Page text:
In early May 2019, I saw an e-mail announcing Marvel was offering 40% off print subscriptions to Valkyrie: Jane Foster, the post War of the Realms comic by Jason Aaron, Al Ewing, and Cafu. Since I was already on the fence about adding the series to the pull list at my local comic book shop, I decided to take a chance on the savings and try Marvel subscriptions (in part so I could review the experience here on CBH!).
My subscription is for twelve issues, and a total of $28.96, including delivery straight to my door. At the full standard $3.99 price point, the series would run me $47.88 (or at my LCS with my pull list discount, $43.09 – either way, clear savings!). I expected some possible wear and tear on issues, and seriously doubted same day receipt, but otherwise expected I’d get my issues of Valkyrie with relative convenience, even if I wasn’t actively looking for a way to replace weekly trips to the comic book shop (most weeks I am actively looking for new reasons to go!).
My primary curiosity was around the value. If readers could easily get these clear savings using Marvel Subscriptions, why wouldn’t more Marvel readers collect their books this way?
So far, based on my experience, the answers are pretty obvious!
The single biggest problem I have with Marvel print subscriptions to date is the inability to actually send me any comics. The books aren’t just late; they barely come at all. I’ve genuinely been doubting I’d ever get a comic this way from July 26, 2019 (the day Valkyrie #1 was released in print) and September 8, 2019. Finally, on Monday September 9, my first issue of Valkyrie came in the mail.
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That’s a one month and two week delay, and one Wednesday away from the release of Valkyrie #3.
The most annoying part of this delay was the complete lack of communication, and utter confusion I felt when no comics showed up. Every attempt to connect to Midtown Comics (the distribution center for Marvel) resulted in crickets. Oddly enough, I’ve ordered comics on my own from Midtown before, and had very good experiences! But for some reason, my attempt to subscribe to a new series took a backseat to anything else they all had prioritized.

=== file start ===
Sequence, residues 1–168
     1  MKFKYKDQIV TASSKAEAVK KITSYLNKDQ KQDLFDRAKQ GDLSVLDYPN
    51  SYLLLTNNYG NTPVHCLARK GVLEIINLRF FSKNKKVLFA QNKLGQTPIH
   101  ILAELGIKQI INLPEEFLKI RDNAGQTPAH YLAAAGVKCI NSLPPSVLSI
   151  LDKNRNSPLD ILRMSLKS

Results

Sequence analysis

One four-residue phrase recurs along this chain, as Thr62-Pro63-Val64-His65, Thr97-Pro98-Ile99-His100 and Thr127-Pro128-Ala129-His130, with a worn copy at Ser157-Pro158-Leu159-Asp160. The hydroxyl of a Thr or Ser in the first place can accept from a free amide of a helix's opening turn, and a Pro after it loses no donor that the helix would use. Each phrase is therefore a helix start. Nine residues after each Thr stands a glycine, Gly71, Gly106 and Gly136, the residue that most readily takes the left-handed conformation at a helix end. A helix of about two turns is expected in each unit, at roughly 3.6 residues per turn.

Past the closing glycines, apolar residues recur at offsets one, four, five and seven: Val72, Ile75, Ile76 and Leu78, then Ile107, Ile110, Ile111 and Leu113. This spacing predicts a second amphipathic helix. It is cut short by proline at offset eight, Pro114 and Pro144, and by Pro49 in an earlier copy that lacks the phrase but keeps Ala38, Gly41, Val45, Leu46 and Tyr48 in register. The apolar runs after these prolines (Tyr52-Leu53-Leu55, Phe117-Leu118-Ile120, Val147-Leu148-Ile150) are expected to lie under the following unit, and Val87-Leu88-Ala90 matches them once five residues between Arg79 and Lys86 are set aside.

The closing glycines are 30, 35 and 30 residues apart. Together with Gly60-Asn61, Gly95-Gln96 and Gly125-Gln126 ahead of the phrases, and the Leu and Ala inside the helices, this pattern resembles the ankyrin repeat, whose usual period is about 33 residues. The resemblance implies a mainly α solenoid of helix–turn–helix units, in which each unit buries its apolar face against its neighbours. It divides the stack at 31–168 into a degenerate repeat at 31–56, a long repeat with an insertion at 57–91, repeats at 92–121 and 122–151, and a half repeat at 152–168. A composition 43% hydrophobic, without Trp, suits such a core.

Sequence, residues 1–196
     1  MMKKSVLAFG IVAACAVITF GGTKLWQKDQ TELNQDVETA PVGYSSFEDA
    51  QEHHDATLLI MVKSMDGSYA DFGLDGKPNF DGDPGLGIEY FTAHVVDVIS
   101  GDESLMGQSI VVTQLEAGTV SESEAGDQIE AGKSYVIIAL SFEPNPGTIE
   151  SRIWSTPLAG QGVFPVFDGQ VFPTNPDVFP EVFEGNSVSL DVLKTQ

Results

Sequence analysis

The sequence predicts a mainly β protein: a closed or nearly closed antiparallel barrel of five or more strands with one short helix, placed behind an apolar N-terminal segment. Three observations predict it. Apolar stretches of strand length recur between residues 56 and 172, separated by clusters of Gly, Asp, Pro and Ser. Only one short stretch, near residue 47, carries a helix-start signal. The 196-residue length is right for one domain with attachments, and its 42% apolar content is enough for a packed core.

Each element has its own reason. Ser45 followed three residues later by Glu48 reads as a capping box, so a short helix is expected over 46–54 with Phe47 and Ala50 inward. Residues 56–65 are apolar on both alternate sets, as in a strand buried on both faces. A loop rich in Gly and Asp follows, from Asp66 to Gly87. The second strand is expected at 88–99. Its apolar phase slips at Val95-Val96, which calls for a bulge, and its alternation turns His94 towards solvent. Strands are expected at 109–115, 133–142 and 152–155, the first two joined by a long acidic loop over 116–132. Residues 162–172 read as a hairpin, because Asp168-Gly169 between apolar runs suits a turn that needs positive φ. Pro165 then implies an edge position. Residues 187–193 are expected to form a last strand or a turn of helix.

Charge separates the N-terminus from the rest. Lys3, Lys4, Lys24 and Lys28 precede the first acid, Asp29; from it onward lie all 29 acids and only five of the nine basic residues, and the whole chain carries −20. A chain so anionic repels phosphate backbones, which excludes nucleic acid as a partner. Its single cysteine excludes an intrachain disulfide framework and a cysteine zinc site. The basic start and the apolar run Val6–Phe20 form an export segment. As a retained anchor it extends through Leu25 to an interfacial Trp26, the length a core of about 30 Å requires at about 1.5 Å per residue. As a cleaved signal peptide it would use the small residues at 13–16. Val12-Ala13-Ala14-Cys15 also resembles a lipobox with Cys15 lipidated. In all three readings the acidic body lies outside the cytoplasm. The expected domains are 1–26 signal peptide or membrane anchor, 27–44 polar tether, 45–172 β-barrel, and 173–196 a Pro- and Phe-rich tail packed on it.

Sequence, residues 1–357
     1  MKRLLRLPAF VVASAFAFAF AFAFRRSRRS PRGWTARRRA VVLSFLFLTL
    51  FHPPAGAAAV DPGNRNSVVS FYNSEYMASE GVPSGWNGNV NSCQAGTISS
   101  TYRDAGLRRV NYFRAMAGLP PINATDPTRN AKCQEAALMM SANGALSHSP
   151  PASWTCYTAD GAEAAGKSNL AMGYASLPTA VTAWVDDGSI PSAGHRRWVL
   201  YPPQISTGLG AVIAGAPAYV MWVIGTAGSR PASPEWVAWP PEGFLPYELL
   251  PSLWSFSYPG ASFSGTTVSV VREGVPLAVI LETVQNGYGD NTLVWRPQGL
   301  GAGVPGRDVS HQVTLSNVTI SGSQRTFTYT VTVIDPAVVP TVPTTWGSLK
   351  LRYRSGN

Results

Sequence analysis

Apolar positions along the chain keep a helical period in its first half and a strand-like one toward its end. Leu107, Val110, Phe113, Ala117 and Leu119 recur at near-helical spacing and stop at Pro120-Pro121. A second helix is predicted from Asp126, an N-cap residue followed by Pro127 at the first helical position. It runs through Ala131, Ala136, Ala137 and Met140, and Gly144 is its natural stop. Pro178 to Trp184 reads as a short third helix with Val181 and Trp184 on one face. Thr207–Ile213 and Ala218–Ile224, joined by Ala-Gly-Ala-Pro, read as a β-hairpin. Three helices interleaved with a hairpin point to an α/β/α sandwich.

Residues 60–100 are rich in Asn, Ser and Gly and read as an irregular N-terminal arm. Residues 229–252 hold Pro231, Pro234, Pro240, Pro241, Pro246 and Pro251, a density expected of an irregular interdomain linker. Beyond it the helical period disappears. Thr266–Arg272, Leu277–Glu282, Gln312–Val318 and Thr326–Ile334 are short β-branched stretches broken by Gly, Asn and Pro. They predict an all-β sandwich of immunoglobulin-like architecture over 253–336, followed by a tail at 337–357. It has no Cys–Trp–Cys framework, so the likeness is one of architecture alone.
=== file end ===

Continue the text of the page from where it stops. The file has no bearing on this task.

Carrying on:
For those reasons alone, I’d argue against the service for anyone curious. But for those who don’t mind such delays and customer service, my copy of Valkyrie: Jane Foster #1 actually showed up in pretty decent shape!
There’s a light bend on the upper left corner of the issue, so collector market beware, but given the issue shipped in a light plastic bag with only a simple paper “board” for protection, this seems just fine.
In truth, if I had received even a basic level of communication (“Your issue has shipped, expect it during these days!”), I’d probably be way more lenient towards Marvel Subscriptions. Especially for comic book fans who don’t live my convenient 10 minute drive from a comic book shop (you better believe I’ve been eyeing houses within 5 minutes walking distance!), a discounted mail-order subscription offering could make a lot of sense!
Given the lengthy delay, and bottom of the barrel customer service (to be fair, never replying means you can’t give a bad reply!), I’d avoid Marvel Subscriptions for the time being, and just use any combination of Marvel Unlimited, Comixology, or of course, good old fashioned trips to the LCS.
I wish I had seen this sooner. I purchased 3 subscriptions and have not received any copies. Midtown customer service is horrendous as they just don’t care. They got the money and that’s all that matters to Midtown Comics.
Shaun Peterson says
At this point I’ve had 8 issues of Marvel comics shipped, and I’ve only received 4. 50% is a horrible receive rate. The subscription service is garbage.